Emergency preparedness along the Texas Gulf Coast requires facilities inland where those displaced by disasters and threats can find refuge. With this foresight, The Salvation Army (“The Army”) commissioned Turner Duran Architects – a Houston commercial architect with prolific experience working alongside non-profits - to design and oversee the construction of a new 15,758 square foot emergency homeless shelter in Conroe, Texas. The facility houses a total of 129-beds with separate and secure wings for men, women and families. Each wing contains separate locker rooms with showers, laundry facilities, lounge spaces and outdoor courtyards. The common areas include a large gathering space, cafeteria and commercial kitchen, as well as administrative space. 

The Army required the full-service facility to have at least 68-beds in the men’s dorm, 48-beds in the women’s dorm and 4 family suites. When individuals come to the shelter they receive complimentary hot meals, bedding and toiletries for the first seven days of residence, as well as access to an on-site case manager. In addition to serving the homeless, the shelter was designed to expand the organization’s educational programs and provide vocational services to those using the facilities. 

Tasked with creating the only shelter in Montgomery County with overnight lodging for homeless men, women and families, the overall design aesthetic projected to the community was based on two criteria:

          1.     The fact that many of the users of the new facility have lost their homes, are living on the street and are in immediate need.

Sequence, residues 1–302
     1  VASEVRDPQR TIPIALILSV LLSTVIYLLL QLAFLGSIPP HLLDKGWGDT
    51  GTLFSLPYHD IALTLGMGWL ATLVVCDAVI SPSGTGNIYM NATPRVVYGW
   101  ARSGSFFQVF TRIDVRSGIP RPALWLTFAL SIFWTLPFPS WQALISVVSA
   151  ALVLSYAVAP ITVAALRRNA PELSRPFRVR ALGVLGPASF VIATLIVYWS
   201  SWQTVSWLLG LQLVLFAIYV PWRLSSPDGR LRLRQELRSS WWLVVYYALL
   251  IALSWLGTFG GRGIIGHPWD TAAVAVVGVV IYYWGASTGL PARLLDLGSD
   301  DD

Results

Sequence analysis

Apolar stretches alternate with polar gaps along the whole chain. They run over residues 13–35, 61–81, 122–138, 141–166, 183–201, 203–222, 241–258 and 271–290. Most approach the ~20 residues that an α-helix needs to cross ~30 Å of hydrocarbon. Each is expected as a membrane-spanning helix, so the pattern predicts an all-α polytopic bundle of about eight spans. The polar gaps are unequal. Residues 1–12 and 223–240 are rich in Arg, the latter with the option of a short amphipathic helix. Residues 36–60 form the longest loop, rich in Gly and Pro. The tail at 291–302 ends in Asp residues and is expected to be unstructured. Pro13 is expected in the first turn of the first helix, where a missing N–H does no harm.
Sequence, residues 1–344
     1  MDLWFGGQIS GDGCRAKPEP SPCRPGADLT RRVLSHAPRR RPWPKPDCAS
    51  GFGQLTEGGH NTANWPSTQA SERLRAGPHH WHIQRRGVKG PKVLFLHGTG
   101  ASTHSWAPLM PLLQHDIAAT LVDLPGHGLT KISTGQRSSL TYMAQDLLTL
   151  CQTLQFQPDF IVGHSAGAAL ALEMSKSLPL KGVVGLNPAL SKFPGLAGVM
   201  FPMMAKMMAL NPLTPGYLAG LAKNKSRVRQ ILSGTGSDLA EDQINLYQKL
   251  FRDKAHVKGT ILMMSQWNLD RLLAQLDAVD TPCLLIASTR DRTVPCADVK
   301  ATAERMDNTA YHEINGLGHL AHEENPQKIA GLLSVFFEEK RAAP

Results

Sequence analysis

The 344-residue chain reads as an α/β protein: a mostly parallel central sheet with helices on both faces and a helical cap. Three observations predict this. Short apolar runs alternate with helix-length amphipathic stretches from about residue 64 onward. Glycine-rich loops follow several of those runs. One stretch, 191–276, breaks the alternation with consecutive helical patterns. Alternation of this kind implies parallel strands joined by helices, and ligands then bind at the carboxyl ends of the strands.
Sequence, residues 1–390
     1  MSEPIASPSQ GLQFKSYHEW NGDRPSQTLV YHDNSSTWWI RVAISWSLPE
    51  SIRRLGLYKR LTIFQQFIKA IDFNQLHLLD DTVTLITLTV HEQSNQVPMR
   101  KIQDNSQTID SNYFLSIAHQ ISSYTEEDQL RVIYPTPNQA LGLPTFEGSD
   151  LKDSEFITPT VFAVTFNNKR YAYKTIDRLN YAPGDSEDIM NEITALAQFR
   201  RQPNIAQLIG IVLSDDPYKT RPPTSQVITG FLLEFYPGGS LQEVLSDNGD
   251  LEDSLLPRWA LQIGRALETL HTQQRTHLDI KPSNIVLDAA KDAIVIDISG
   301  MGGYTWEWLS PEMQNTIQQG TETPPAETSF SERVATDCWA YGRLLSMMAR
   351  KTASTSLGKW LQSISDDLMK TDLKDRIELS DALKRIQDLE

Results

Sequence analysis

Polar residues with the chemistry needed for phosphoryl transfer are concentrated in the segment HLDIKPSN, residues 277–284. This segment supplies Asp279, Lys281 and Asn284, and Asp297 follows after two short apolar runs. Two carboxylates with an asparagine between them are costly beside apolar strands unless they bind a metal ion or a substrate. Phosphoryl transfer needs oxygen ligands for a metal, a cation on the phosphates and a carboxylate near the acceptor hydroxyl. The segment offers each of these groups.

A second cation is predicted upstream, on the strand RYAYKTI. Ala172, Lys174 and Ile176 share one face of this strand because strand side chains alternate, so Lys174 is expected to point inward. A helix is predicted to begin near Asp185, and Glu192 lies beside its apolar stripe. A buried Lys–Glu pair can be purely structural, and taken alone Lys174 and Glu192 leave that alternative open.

2.     The facility is located in a residential area of Conroe. 

Based on these key motivators the design intent was to break down the massiveness of the facility by creating a residential community within the structure through the use of residential forms and materials, aesthetically tying the new building to the balance of the neighborhood. 

Furthermore, the facility provided hurricane relief during the wake of Hurricane Harvey by housing individuals that were displaced by the storm. The Army was determined not to turn anyone away, and at the height of Hurricane Harvey the facility provided shelter to 125 homeless and displaced evacuees. Many of these evacuees had damaged homes and no place to go. During a ten day time frame three meals a day were served to an average of 200 individuals, including the homeless, evacuees and residents from the neighborhood who did not have access to food. 

Designed to connote warmth and welcome to those in immediate need and distress, the emergency shelter projects the ideals of The Army and is changing lives in the great county of Montgomery.